Download Dangerous Masculinities: Conrad, Hemingway, and Lawrence by Thomas Strychacz PDF

By Thomas Strychacz

In Dangerous Masculinities, Thomas Strychacz has as his objective not anything below to show scholarship on gender and modernism on its head. He specializes in the best way a few early twentieth-century writers painting masculinity as theatrical functionality, and examines why students have commonly ignored that fact.
Strychacz argues that writers akin to Conrad, Hemingway, and Lawrence--often considered as misogynist--actually represented masculinity of their works by way of theatrical and rhetorical performances. they're theatrical within the feel that male characters continue staging themselves in aggressive screens; rhetorical within the feel that those characters, and the very narrative type of the works during which they seem, render masculinity a type of persuasive argument readers can and will debate.
Perhaps finest is Strychacz's rivalry that scholarship has obscured the truth that frequently those writers have been relatively serious of masculinity. Writing with a readability and scope that enables him to either invoke the Schwarzeneggarian "girly guy" and borrow from the theories of Judith Butler and Bertolt Brecht, he models a serious approach with which to discover the ways that students gender texts via the very act of examining.

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Extra resources for Dangerous Masculinities: Conrad, Hemingway, and Lawrence

Sample text

Given the way in which discourses of authentic manhood have been used to push some men toward the margins, it makes sense for Boone to be wary of the category of authenticity. Yet it would still seem possible for some men to claim a more authentic, or more “authentic,” or more “authentic” voice and status. Perhaps it is unfair to cavil: the essay in its irresolution deliberately defers questions such as the ones above. Boone sets out to be provocative and confessedly utopian, not prescriptive. That is appropriate for a field in the early stages of genesis; and appropriate to Boone’s own consistently acute sense of the pressures of professionalism as they interlock with the study of gender issues, for the process of establishing a professional identity can “tempt us to ‘pass’ as ‘men’ rather than ‘me(n)’” (24).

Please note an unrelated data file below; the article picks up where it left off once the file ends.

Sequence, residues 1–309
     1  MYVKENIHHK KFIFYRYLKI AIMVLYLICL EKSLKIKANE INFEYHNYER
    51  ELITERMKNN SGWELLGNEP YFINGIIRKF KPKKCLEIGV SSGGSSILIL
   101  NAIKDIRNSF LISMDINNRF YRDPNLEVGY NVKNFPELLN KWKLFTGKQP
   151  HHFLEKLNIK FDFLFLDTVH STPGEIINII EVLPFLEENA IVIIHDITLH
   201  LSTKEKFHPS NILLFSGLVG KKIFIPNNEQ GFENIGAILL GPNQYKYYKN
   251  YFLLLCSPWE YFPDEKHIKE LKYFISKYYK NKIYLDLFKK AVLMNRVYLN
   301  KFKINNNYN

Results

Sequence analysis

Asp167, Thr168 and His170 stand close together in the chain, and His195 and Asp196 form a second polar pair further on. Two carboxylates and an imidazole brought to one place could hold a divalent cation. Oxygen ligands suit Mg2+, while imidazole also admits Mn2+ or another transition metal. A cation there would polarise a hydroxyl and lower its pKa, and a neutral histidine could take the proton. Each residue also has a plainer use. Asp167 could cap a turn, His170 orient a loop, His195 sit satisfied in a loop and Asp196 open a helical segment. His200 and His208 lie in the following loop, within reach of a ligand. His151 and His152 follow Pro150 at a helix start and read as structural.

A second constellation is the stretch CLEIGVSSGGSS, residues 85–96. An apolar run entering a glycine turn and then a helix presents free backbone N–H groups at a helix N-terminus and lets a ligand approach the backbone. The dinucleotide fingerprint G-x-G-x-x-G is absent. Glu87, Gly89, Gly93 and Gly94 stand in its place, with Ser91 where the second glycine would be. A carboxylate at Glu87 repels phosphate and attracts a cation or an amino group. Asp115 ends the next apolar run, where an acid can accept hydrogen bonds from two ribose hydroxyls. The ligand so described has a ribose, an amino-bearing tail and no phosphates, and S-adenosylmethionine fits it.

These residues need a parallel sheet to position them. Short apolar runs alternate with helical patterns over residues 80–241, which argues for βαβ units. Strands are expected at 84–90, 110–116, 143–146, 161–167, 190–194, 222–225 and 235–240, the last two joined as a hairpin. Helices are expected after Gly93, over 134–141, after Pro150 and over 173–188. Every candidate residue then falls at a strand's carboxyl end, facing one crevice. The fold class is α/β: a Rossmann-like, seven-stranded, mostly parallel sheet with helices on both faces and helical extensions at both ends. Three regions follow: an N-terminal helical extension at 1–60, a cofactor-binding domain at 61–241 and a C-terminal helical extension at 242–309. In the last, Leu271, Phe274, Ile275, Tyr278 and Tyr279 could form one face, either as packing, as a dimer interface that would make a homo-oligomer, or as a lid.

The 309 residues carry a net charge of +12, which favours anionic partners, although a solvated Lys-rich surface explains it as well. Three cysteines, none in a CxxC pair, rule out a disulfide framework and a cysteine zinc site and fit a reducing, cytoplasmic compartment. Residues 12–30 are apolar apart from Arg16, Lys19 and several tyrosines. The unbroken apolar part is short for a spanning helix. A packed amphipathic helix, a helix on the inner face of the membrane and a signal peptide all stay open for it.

Nor does she need to: her complex language and jargon (“differently located women,” “category of oppression”), and her extensive knowledge of pertinent research, denote the presence of a group of scholars who already understand the terms of the debate, and who, in exercising their privileged right to speak, demonstrate how “differently located” they are. Lurie’s expert knowledge is the condition of her being able to interrogate the turn to esotericism of others; and her challenge operates within the structure of professional discourse not to close down, but to generate, new avenues of research.

Its effectiveness does not depend on the agreement it might find among most people in the United States. ’ All scholars know that the ‘truth’ of any scholarly argument exists to be debated, and usually contested. That is demonstrably true of contemporary gender studies. Indeed, it is precisely the ‘truth’ of the commonsensical way of thinking about essential gender differences that the poststructuralist critique of full (gendered) identity is designed to contest. The evidence of the last twenty years of debate in feminist studies suggests that logic and fact can never conclusively establish the ‘truth’ of these positions; they simply cannot be reconciled, though the differences between them will keep on being elaborated in new ways.

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